Using Akismet to protect your WordPress site from comment spam

Using Akismet to protect your WordPress site from comment spam

If your website is experiencing lots of comment spam, then there is an easy solution. But first, let’s understand the problem a little more.

What is comment spam?

In general, you are looking for people to comment on your blog post articles, giving you feedback and ideas etc. However, some comments submitted on your website will not be from people who’ve actually read your blog. In fact, they won’t be from people at all!

Many spam comments originate from blind, automated computer programs which are simply trying to push comments out onto websites.

Why would they do this?

Rightly or wrongly the spammers see this as some sort of SEO or quick win method for generating traffic to their website, or for harvesting backlinks (comments typically allow for the person to link back to their website; an important win in the world of SEO).

You can usually spot spam comments a mile off as, well, they just look a bit weird! E.g.

Fig 1 - example of comment spam in WordPress

Fig 1 – example of comment spam in WordPress

As you see in Fig 1, spam comments can start off sounding genuine (“This article is great!”) but, if you look towards the end of the comment, you see it starts talking about homeschooling (I think!) with a link to a site – this comment was nothing to do with the blog article it was submitted on. In short, it was spam.

Is it a problem?

On a typical WordPress site, these spam comments do not show to visitors to your website unless you have first approved them. So, in one sense, these spammers can submit as many comments as they like – they won’t be getting on to your site.

However, a problem is that these spammers can submit so many comments that you can easily then miss an actual comment from a real person in your audience. Overlooking it in the noise of all those spam comments, that would be a shame & a missed opportunity. So what is the answer?

How do I clean up my Spam Comments?

A superb service for dealing with comment spam is Akismet.

Simply install the plugin, and then set up your licence key.

To get a licence key, you need to select an Akismet plan from their website:


If yours is a personal, non-corporate website, you can select the first option ‘Get Personal‘.

You can then drag the payment selector to zero; obviously, if you can afford to pay this excellent service money, then you should (indeed you must if your website is not for personal use).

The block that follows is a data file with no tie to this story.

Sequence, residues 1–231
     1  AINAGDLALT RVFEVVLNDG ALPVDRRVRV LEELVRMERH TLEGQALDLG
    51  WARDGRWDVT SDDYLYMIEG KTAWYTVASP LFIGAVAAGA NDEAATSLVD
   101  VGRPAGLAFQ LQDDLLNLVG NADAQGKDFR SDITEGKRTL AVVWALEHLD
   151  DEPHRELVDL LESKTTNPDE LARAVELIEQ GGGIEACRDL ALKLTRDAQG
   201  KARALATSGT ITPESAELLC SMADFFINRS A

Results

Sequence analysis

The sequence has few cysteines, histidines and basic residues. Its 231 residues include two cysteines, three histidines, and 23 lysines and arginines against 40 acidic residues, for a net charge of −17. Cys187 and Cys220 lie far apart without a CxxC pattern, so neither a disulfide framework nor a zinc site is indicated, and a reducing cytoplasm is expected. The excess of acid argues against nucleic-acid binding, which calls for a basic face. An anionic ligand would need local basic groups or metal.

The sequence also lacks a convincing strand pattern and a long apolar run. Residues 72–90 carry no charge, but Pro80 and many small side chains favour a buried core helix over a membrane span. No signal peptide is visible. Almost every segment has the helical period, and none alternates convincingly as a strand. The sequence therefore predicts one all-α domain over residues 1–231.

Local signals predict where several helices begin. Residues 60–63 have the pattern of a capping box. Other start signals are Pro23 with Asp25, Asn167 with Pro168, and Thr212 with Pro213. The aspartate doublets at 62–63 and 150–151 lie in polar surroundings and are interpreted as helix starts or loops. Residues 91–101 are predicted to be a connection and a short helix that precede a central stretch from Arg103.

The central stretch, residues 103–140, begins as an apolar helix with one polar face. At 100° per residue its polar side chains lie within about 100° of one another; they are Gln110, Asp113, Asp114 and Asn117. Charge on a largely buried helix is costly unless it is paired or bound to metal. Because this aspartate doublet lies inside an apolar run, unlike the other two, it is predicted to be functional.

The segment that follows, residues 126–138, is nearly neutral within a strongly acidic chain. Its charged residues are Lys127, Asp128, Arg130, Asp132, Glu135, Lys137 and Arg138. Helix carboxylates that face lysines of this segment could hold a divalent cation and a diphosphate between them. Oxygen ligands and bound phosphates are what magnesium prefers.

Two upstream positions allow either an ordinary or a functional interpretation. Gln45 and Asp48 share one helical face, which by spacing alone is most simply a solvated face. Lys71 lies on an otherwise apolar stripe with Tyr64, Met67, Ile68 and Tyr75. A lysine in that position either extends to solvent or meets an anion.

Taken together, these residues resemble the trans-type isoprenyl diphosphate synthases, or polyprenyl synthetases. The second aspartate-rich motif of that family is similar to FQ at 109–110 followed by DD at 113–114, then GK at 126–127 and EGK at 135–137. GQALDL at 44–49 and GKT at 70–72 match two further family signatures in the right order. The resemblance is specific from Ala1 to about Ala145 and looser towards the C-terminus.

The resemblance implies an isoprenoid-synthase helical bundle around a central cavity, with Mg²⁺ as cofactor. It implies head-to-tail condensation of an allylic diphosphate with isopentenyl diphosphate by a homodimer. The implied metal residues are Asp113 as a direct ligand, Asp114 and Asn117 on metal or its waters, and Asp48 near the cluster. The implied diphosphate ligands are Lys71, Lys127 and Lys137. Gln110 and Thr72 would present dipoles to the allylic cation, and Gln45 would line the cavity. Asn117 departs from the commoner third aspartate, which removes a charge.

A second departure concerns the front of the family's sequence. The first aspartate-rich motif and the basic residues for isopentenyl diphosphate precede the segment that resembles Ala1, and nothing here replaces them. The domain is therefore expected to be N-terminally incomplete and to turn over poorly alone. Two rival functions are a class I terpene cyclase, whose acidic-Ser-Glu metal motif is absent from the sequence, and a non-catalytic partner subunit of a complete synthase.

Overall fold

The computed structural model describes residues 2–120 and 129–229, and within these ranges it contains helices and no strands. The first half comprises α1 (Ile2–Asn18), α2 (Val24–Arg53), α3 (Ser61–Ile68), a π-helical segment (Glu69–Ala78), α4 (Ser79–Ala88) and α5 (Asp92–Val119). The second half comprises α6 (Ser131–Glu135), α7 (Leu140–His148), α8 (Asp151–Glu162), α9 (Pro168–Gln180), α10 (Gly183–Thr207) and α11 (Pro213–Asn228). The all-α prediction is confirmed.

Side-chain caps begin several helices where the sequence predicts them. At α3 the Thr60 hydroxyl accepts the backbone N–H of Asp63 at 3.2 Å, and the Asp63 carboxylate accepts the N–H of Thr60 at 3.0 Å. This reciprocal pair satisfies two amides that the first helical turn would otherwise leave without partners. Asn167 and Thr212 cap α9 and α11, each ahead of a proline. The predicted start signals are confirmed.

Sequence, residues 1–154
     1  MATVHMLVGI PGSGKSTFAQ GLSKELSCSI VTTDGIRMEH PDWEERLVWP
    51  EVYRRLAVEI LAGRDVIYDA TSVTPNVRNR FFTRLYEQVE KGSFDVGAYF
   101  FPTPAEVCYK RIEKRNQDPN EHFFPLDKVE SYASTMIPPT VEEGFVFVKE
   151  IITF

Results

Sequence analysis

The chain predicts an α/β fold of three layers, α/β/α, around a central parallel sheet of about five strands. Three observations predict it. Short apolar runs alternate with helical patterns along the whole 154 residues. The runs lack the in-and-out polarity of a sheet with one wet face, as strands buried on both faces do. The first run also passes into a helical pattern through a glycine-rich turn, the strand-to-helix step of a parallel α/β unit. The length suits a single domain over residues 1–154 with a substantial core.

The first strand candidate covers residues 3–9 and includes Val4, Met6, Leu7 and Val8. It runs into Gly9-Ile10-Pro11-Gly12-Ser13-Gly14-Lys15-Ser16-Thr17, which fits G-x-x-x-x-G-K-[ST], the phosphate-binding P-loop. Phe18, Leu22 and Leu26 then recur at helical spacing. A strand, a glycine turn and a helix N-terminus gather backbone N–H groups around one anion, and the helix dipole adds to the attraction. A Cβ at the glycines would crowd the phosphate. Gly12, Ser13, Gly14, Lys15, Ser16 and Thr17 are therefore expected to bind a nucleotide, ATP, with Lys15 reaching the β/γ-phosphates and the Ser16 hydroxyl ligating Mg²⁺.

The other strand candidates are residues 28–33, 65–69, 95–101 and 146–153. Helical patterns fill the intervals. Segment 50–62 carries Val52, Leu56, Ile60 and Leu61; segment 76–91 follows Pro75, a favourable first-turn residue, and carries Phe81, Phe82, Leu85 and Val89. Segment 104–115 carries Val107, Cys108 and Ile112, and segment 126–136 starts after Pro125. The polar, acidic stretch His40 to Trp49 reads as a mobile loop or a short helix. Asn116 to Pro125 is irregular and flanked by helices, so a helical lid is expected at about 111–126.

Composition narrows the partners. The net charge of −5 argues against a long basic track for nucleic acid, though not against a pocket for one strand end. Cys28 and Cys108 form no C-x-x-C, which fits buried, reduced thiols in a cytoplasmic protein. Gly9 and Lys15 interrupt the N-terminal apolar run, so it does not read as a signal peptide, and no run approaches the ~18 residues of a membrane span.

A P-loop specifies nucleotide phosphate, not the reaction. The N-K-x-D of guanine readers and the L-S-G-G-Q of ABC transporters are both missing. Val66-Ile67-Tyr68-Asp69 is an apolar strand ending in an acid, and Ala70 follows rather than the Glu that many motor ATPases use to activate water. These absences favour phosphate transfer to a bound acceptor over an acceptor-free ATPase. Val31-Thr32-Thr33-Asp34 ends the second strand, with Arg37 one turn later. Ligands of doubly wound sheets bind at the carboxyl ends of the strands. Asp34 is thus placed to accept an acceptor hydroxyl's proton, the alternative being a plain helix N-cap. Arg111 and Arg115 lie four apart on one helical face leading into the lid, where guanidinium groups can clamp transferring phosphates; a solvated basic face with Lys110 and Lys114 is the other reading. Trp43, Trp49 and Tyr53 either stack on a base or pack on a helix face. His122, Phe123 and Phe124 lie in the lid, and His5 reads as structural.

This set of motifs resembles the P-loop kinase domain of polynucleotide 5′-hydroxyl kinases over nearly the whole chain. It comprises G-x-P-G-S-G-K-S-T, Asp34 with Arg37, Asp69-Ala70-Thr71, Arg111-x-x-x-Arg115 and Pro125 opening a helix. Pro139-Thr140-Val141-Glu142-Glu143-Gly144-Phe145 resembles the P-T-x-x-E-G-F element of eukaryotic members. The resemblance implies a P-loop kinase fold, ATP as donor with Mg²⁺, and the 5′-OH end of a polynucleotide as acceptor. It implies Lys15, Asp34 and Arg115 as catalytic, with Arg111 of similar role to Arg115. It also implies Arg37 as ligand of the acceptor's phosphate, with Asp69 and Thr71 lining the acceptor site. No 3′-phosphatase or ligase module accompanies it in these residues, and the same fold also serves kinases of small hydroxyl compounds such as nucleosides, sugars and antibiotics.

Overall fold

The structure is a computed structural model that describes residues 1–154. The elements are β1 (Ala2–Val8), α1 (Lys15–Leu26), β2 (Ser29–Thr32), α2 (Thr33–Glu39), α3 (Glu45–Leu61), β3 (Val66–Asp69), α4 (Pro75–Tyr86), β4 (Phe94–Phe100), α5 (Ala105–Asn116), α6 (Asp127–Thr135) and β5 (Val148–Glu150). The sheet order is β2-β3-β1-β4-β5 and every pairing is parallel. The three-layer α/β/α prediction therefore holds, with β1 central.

Now that you have signed up for your Akismet account, you need to get the API KEY and enter that into the settings of their plugin you have installed.

You’ll find the API key when you login to your section on the Akismet website.

The page should look like this (I’ve blurred my key out):

Fig 2 - getting your Akismet API key

Fig 2 – getting your Akismet API key

All you need to do now is to copy that API key and go to the settings page of the plugin.

Fig 3 - Akismet plugin

Fig 3 – Akismet plugin

…and on the page that follows, enter your API key you copied earlier

Fig 4 - Akismet plugin settings page

Fig 4 – Akismet plugin settings page

Note that you can also amend the settings of Akismet here. E.g. I think I’ve altered the ‘Strictness’ on the Glass Mountains website to ‘Silently discard’.

Next Steps

Once you’ve done the above, your website will be automatically protected against new comment spam. However, there is one more check you may well want to do:

Cleaning up existing comments

If you have a lot of existing spam comments which you’d like to get rid of, simply go to ‘Comments‘ in your WordPress backend and you should see a page menu which looks as follows:

Fig 5 - Akismet button on comments section

Fig 5 – Akismet button on the comments section

In Fig 5 you’ll see that Akismet has added that [Check for Spam] button, just click that and Akismet should work its magic and clean everything up for you.

As a bonus, Akismet can also check your form submissions as well as comments – however, this may require some extra configuration and that depends on the form system you use. Here is Akismet’s documentation on the forms it supports, don’t despair if your form system is not in that list, the one we use on this site wasn’t either – but when I checked with the vendor, there were simple instructions to get it working with Akismet – perhaps I’ll detail that in a future post.

Thanks & happy comment spam protection!




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